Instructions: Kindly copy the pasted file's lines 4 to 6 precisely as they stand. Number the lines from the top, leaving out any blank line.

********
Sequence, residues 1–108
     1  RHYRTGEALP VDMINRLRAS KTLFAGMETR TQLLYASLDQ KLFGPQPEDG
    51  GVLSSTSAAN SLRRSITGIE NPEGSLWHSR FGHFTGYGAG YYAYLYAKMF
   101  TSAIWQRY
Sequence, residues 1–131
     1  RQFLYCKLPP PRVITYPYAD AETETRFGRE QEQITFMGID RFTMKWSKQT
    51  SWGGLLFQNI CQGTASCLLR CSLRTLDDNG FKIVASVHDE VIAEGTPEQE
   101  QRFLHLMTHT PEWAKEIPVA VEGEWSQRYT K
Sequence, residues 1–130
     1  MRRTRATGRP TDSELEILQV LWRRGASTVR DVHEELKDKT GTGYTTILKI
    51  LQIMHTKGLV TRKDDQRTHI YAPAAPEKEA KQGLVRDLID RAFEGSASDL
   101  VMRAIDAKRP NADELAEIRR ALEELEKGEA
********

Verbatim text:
   101  TSAIWQRY
Sequence, residues 1–131
     1  RQFLYCKLPP PRVITYPYAD AETETRFGRE QEQITFMGID RFTMKWSKQT